While reading this book, that mushy feeling was persistent. That feeling which you get while watching a romantic movie or reading a poetry book while it’s raining outside. When you grow aware of your own rhythmic breath and your heartbeat slowly and steadily. Like being lulled to a peaceful calm. I was awed by the descriptions of the entire world that a single word could encompass. Wonder, life, relations, political turbulence and our society—all brought in the context.

The author has included few stanzas of Urdu by famous poets, along with their translations and a bit about the context and how the lines hold true in today’s world. Artistic expressions in a world where art is much needed, much sought after but is also the most oppressed. Some of the couplets made me nostalgic- scenes from my own life flashed through my mind while I read them.

Rightly said, “A word needs fursat to make sense, and to let us access the infinite joys hidden in its depths.”

Justju is the ends, Jazba is the means. And in that beautiful, delicate, symbolic balance is the story of our lives.”

And there is only so much I can tell about this book- every page has several mesmerizing quotable sentences, couplets, and ruminations.

The book was published as a part of the #BlogChatterEbookCarnival. It is available for free Downloads here. I truly think this is a gem. Recommended for all poetry lovers, anyone who loves the language of Urdu and wants to dig in deep or explore more. A must read for anyone who thrives on the beauty of words and the miracles they can create together.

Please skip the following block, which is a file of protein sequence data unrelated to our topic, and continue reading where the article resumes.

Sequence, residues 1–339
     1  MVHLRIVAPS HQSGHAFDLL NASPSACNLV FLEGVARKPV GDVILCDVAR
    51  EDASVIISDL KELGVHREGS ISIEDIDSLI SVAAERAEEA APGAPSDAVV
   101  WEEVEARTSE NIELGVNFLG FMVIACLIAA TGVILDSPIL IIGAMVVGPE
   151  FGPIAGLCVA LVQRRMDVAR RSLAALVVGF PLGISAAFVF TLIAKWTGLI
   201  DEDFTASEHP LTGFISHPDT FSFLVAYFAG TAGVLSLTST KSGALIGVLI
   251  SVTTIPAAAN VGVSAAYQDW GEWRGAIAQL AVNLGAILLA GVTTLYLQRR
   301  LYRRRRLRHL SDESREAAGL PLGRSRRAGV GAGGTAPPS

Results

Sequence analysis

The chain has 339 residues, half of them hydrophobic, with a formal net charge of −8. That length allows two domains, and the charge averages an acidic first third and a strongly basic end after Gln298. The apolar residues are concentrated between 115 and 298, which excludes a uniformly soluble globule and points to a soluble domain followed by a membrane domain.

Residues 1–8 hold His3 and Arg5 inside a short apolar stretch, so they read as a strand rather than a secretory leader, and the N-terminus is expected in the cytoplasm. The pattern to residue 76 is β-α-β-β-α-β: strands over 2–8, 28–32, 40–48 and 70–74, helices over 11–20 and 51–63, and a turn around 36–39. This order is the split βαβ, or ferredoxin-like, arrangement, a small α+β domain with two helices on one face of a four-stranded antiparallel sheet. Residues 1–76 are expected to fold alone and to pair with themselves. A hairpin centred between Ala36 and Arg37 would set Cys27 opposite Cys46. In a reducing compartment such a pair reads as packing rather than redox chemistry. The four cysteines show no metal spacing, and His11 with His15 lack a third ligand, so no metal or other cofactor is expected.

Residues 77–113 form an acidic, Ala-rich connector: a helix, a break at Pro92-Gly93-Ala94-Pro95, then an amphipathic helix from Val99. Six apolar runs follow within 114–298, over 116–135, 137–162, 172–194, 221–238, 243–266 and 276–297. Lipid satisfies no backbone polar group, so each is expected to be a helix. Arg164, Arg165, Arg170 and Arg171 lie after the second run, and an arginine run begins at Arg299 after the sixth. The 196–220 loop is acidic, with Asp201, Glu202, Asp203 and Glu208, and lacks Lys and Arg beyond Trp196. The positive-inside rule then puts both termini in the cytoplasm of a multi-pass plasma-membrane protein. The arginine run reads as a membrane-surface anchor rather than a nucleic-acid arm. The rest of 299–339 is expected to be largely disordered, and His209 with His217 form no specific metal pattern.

About The Author:

Runjhun Noopur is a lawyer who doesn’t do law. Instead, she spends her time staring at the Moon and writing about life, happiness and everything in between. When the Moon is unavailable, she can be found moonlighting as an entrepreneur, a happiness coach and co-founder of a leadership and happiness training initiative called Creative Precepts. A prolific blogger, she has a fast growing blog on Medium. She is also a contributor to the Huffington Post. Her other writing credits include the Times of India, Hinduism Today, India Currents, Eternal Solutions, Thought Catalog, Chicken Soup for the Indian Soul—Book of Miracles (2012) and the Best of the Speaking Tree collection (Vol. IV). She was one of 10 writers who were chosen for AIB’s First Draft Writers’ Residency Program 2016.


Queeristan by Parmesh Sahani

  Queeristan (Amazon Link) Thanks to Audible Free Trial I listened to this amazing non-fiction on LGBTQ inclusion in Indian workplaces. Author Parmesh Sahani identifies as gay Indian, working closely with Godrej higher management and employees for years to create an inclusive workplace, both legally and in spirit. This book is a result of those years of experience, research, collaboration with individuals from difference spectrum of the society and organizations who has successfully transitioned into a queer friendly one.   Indian history is inclusive. From the Khajuraho temple architectures, to Konark to the Rig Veda, there is existing proofs even 2000 years ago of Indian inclusiveness of queer. It’s the draconian British law that criminalised it, which was scraped in 2009, came into effect once again following a sad judgement in 2013 and eventually was scraped off for good in 2018. I am in awe of the lawyers who fought this legal battle- colleagues and partners – Arundhati Katju